EAST HANOVER, N.J., June 17 /PRNewswire/ -- Get to soccer practice ... finish homework ... cook dinner ... Our lives are full of "to do" lists. It's no surprise many people have trouble staying organized. When a family is coping with Attention Deficit Hyperactivity Disorder (ADHD) too, the disorder can make it harder to keep track of day-to-day activities and priorities.
ADHD affects 8.7 percent of children in the U.S., according to the Centers for Disease Control, and is defined by symptoms of inattention, hyperactive and impulsive behavior. It's probably no surprise to learn organizational skills may be affected. It might be surprising, however, to find out that not all organizational methods are created equal, and some work better for people with ADHD. A new resource available at http://www.OrganizeADHD.com, provided by Novartis Pharmaceuticals Corporation, suggests strategies designed to help families with ADHD get and stay organized.
There are some simple steps you can take to manage organization, get the whole family involved, and make tidying up an easy, five-minute task instead of an all-day affair.
The Kitchen is Not the Playroom
The more stuff we own, the more difficult it is to find places to store it all. When this happens, sometimes our things enter spaces that they don't belong, and the kitchen becomes the playroom. One easy fix for this problem is to designate rooms or spaces in the house for each activity.
The first step is to examine your items, tackling only one room or project at a time. Gather all your kids' toys, look at the condition they're in and decide whether they can be kept, donated or thrown away. Next, give your kids a place of their own by assigning a room or space in one room where they can store, access and play with their toys.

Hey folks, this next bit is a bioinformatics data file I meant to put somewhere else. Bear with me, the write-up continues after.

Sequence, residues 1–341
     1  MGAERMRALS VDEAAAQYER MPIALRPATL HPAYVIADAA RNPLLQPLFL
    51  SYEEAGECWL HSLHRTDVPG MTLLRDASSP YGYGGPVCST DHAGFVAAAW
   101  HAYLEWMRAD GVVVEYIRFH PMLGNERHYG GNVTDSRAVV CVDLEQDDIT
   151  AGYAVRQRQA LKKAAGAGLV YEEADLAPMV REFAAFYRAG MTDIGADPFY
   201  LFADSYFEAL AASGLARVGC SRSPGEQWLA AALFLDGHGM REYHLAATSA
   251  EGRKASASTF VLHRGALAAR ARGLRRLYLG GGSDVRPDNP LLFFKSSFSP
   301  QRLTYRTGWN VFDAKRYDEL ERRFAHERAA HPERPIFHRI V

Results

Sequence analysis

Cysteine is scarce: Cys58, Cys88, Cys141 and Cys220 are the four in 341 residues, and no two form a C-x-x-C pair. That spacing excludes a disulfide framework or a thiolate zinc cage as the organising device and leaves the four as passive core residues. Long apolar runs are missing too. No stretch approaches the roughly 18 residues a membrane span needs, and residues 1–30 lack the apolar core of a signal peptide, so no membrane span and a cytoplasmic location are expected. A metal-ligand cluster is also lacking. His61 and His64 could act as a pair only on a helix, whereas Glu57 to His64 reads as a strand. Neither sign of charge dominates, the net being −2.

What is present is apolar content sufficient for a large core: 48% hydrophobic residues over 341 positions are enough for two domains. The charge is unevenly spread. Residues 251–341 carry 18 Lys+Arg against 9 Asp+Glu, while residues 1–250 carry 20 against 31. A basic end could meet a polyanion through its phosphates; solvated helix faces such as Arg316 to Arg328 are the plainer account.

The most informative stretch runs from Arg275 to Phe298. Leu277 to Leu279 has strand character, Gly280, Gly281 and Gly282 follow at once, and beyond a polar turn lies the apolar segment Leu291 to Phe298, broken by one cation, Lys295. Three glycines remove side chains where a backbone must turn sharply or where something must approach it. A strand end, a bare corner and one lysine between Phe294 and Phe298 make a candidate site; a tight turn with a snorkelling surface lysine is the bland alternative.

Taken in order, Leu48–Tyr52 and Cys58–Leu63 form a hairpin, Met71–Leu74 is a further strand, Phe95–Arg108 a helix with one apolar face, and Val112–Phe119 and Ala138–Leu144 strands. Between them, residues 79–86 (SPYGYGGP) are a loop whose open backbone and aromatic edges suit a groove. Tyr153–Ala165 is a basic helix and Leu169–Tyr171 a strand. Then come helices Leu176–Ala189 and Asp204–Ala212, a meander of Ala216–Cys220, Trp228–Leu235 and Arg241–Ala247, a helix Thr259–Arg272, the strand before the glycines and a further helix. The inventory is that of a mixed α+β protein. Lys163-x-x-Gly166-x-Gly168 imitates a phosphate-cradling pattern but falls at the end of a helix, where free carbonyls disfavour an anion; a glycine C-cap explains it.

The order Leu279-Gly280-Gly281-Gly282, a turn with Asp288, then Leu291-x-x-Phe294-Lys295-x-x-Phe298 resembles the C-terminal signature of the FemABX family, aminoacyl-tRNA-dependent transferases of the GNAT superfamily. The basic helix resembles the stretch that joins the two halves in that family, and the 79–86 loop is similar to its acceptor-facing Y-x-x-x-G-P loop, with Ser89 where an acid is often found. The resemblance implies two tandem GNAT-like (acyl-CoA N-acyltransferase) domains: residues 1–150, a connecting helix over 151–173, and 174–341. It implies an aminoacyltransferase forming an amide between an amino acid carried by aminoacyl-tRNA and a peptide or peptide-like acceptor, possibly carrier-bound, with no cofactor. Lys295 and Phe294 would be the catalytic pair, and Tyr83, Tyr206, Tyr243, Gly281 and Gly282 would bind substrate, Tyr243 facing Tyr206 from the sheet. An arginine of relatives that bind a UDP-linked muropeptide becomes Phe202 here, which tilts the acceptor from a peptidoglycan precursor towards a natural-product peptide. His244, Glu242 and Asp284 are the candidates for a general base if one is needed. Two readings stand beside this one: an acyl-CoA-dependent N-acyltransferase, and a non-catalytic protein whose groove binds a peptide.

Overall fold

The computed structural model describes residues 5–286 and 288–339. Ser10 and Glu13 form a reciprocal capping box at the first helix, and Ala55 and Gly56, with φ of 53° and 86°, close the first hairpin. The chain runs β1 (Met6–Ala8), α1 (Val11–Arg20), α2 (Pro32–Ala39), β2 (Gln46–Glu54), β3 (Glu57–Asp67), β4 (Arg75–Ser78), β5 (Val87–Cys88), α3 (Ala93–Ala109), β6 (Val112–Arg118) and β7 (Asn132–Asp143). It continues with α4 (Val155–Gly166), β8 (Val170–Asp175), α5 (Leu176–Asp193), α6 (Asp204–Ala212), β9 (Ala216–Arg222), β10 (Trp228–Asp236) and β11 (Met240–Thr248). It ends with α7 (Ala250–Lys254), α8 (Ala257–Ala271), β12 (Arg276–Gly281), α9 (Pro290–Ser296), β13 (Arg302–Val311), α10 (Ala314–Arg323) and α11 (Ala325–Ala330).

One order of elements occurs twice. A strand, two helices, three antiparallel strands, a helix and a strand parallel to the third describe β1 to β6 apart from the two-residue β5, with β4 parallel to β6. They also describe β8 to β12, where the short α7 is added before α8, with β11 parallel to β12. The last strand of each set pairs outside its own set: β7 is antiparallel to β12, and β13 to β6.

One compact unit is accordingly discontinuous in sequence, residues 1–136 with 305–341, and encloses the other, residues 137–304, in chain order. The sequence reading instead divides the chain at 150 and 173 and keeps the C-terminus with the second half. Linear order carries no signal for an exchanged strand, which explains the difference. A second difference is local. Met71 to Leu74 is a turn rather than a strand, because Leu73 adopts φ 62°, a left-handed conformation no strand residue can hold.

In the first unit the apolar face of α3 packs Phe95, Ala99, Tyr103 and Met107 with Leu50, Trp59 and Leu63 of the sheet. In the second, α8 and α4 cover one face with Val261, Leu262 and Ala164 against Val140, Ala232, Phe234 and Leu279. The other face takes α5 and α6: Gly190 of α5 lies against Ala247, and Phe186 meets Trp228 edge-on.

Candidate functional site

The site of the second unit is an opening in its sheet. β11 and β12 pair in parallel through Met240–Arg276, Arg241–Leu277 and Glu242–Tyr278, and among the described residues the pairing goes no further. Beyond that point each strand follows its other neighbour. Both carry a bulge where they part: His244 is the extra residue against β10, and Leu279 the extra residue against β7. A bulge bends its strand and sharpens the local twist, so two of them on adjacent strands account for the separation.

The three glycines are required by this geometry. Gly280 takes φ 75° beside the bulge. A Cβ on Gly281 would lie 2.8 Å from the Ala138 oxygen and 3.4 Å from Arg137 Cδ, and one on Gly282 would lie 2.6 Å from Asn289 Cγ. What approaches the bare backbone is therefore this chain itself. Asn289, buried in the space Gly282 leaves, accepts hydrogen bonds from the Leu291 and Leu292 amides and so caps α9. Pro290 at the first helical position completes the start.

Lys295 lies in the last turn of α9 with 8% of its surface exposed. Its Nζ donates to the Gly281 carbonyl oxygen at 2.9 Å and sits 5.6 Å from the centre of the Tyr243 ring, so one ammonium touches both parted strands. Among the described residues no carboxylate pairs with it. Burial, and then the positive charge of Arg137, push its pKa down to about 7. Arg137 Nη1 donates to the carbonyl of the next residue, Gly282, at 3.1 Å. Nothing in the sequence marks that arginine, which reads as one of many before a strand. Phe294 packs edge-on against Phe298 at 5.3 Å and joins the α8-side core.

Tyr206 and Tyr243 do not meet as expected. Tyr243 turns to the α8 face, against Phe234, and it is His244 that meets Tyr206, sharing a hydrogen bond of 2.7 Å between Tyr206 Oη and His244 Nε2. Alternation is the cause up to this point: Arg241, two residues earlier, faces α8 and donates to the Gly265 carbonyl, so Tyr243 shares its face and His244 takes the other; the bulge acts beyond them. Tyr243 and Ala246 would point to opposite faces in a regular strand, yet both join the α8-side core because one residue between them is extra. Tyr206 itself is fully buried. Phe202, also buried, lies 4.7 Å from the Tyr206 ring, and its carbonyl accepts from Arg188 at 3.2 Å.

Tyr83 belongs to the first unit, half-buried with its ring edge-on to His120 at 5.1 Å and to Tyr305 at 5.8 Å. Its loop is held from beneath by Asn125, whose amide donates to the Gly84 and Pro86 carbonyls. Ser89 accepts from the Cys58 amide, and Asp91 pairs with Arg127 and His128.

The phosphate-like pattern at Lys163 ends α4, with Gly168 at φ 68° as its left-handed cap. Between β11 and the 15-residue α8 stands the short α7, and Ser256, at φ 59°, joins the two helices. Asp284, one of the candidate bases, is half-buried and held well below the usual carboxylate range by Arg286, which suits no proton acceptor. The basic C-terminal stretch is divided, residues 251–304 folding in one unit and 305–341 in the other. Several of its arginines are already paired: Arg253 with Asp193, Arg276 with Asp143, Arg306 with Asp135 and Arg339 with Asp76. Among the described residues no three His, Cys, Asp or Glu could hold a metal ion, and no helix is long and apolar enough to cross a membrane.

For ADHD-friendly storage, use shelves and open-faced or clear bins so your kids can easily see the toy they want and take just that one out without dumping out the bin's entire contents. This approach isn't limited to toys and can be used to organize office materials and other possessions that can create clutter.
Streamline Chores and Responsibilities
That's one way to tackle a big job, but there are lots of little steps
you can take to help your whole family, including those with ADHD, keep the
house a little more organized.
-- When your child's done with his homework, put it right in front of the
door. If he has to move it out of his way to leave for school, he'll
have a harder time forgetting it.
-- An ADHD-friendly solution to homework frustration is to have one large
notebook with dividers for each subject. One with folders can help
keep all school papers in one place.
Tips like these will work for anyone, but these simple, one-step approaches are particularly successful for adults and kids with ADHD. For more of the best organizational tips designed to help families coping with ADHD, visit http://www.OrganizeADHD.com.
|SOURCE Novartis Pharmaceuticals|
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